“Shall we begin again?” he inquired in a polite voice, clearly a bit bemused at the situation. “Do you know who I am, Ms. Best? Let me introduce myself. I’m Steven Gherring. I’ll be interviewing you today for the position of my personal executive assistant.”
He was staring at her, waiting. What did he expect? How was she supposed to react to his revelation? She forced a grim smile and stuck out her hand.
“Pleased to meet you, Mr. Gherring. My name is Anne Best.”
He seemed disappointed in her response.
“Perhaps you’ve heard my name before.”
She shook her head. It sounded familiar. Where had she heard the name before?
“Well, I’m sure you know of my company, Gherring Inc.?”
“Do y’all make car parts?” she asked hopefully.
He sighed. “No, I’m afraid not. We’re an international trade company with holdings… You mean you really have no idea who I am? No idea at all?”
“Well, no. I’m sorry. The recruiter just said y’all were in the Town Center Economic Tower, on the top floor.”
“Yes,” he said, shaking his head with obvious exasperation. “That’s because we, or I,
the tower. I’m the chairman of Gherring Inc.” He sat back as if waiting for the information to sink in.
She wondered how she should respond. He was obviously waiting for her to fawn on him. He must be accustomed to the attention and adulation that came with his position. Strangely, she felt more in control when she realized he wanted something she could choose to give or withhold.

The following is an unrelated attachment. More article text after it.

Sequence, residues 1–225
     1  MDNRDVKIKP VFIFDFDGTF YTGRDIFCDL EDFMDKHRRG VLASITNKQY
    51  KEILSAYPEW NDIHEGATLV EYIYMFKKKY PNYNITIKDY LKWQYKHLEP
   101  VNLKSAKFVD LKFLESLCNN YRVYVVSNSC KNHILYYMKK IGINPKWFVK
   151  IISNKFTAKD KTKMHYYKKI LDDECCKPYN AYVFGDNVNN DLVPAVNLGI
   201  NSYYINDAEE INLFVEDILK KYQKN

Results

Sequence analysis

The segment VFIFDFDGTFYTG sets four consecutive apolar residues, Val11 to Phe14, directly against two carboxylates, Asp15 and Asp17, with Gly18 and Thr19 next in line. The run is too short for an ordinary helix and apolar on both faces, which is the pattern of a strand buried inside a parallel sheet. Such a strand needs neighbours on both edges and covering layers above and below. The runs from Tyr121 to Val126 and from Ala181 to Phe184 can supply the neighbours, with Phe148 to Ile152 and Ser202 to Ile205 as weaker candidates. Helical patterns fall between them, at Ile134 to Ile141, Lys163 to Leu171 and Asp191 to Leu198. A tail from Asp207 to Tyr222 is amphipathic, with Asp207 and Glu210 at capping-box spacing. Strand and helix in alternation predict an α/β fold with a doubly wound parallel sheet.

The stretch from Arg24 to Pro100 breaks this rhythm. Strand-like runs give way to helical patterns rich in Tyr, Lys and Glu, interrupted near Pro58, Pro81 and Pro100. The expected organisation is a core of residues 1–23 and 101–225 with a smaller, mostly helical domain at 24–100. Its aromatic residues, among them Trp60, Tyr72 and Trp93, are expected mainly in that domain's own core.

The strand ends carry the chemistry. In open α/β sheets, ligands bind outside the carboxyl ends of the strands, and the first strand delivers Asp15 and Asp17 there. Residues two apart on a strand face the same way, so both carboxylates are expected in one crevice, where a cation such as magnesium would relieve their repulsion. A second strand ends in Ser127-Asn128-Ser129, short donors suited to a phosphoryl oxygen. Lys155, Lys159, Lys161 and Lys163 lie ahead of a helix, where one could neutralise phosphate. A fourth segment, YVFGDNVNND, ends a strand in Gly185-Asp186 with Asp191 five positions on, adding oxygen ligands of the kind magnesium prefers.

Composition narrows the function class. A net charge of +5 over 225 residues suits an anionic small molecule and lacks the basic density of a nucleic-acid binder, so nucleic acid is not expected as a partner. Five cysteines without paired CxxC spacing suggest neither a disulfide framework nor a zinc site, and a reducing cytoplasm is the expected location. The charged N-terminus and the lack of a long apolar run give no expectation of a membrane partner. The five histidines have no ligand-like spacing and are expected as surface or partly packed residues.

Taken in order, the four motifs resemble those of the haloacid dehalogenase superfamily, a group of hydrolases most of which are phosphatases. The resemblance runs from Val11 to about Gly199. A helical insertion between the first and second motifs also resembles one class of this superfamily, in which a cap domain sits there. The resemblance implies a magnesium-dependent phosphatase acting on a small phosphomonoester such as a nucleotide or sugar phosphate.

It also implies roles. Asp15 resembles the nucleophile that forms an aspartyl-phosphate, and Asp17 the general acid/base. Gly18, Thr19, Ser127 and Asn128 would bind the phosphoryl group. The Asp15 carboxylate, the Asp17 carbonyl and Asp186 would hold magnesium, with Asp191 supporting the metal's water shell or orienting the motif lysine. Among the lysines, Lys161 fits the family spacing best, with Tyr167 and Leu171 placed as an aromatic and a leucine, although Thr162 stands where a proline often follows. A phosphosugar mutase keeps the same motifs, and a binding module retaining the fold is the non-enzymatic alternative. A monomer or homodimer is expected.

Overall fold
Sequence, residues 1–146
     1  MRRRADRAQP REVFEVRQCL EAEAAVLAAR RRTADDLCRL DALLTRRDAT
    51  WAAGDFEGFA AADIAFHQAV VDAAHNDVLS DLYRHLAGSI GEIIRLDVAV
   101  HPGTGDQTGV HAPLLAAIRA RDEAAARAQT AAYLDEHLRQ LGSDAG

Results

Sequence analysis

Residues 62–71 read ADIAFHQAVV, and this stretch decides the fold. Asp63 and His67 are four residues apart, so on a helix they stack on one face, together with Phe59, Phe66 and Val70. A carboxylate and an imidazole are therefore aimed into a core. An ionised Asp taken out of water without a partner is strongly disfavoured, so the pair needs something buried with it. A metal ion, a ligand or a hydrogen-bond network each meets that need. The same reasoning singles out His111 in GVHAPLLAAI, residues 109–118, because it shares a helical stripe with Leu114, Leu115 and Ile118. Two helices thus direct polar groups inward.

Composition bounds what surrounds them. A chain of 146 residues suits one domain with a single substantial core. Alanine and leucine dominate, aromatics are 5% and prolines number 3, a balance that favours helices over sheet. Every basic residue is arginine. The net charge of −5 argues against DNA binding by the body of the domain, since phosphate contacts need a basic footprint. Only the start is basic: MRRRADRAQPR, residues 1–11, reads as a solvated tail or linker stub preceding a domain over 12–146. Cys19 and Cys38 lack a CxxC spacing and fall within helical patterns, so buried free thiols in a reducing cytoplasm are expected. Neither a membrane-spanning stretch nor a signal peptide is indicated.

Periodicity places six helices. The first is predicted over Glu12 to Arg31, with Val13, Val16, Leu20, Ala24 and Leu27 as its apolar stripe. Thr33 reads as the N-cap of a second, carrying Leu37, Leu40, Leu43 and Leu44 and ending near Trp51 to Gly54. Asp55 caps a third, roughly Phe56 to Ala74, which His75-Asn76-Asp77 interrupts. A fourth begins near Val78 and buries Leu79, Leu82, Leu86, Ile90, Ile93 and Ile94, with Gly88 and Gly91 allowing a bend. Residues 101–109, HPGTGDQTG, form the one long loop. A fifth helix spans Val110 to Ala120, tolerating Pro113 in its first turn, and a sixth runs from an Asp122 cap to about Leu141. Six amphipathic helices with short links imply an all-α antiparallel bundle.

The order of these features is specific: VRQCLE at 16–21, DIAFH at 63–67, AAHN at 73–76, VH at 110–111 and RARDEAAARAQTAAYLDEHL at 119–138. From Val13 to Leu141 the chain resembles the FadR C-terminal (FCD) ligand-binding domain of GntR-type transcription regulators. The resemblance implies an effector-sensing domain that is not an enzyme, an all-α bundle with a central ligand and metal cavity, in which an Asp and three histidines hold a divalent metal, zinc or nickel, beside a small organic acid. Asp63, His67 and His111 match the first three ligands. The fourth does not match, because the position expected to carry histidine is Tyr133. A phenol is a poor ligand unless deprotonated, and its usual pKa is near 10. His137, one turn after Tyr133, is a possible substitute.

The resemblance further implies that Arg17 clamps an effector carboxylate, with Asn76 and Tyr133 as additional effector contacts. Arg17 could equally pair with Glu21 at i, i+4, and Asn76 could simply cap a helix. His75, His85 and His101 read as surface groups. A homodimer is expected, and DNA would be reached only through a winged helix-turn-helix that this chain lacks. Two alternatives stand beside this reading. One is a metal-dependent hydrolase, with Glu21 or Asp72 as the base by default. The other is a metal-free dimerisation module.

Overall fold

“Nice to meet you, again, Mr. Gherring.” She gave him her best sarcastic smile. “You’ve probably heard of me as well. Anne Best? Sole owner of a twenty-five hundred square foot home in Weatherford, Texas?”
Gherring’s eyes opened wide as he considered her.
“You’re not what I expected, Ms. Best.”
“Neither are you, Mr. Gherring!” She clapped her hand over her mouth. What was wrong with her today? She’d lost control twice. Something about this man rubbed her the wrong way.
She remembered the advice she’d gotten about speaking when you’re nervous—imagine your audience in their underwear. She gave it a try. Ohmygosh! Bad idea! This man would look amazing clad solely in underwear. The image filled her mind and refused to go away. Immediately, Anne felt flushed. She grabbed the water glass and gulped rapidly, causing a coughing fit.
Gherring’s stern expression changed to concern. “Are you alright, Ms. Best?”
She nodded furiously, regaining her composure. She tried to think of Steven Gherring in an Eskimo suit, so the underwear image wouldn’t sneak back into her head.
“Let’s talk about your qualifications for this job. You have a B.A. in Chemistry, and you worked part time as a travel agent. Hmmm….” He stared at her resume. Then he flipped the single page over to see the blank backside. “You don’t seem to have any actual experience as a personal executive assistant. Am I missing something, Ms. Best?”
Again, her temper flared, and she glared at Gherring.
“Well, if a personal executive assistant is someone who organizes someone’s life and work, acquires all the needed tools and supplies, keeps the person’s schedule, finds calm in the midst of chaos, and works countless hours in a thankless job… What you really need is a mother, and I have twenty-three years of experience!”